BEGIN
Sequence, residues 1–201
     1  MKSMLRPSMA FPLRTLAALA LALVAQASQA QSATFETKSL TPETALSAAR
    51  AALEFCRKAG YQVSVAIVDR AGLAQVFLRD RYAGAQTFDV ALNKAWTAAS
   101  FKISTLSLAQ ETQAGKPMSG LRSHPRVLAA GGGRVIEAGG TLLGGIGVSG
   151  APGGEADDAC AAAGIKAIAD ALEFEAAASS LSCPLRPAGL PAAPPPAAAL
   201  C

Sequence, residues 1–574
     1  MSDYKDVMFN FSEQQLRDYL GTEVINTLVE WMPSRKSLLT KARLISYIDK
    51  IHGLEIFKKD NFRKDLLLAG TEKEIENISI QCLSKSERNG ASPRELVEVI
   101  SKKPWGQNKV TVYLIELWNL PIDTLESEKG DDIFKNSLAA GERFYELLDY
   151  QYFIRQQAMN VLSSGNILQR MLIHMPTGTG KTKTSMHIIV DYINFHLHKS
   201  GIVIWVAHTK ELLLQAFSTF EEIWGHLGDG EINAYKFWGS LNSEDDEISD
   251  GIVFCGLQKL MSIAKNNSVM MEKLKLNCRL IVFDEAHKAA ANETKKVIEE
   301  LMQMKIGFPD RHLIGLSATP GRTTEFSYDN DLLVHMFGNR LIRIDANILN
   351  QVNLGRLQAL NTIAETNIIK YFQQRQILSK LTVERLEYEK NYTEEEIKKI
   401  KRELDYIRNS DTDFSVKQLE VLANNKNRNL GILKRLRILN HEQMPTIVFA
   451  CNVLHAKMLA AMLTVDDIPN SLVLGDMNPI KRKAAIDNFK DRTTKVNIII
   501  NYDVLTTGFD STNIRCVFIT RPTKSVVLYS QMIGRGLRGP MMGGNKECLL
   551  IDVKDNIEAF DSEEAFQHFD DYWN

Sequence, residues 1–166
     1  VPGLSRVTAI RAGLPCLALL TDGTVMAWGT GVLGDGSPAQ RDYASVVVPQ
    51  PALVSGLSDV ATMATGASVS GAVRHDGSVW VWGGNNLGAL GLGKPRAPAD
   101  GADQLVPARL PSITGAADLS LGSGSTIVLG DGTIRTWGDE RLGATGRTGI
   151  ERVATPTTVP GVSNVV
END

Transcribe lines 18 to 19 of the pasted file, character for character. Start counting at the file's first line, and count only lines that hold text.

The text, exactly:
   501  NYDVLTTGFD STNIRCVFIT RPTKSVVLYS QMIGRGLRGP MMGGNKECLL
   551  IDVKDNIEAF DSEEAFQHFD DYWN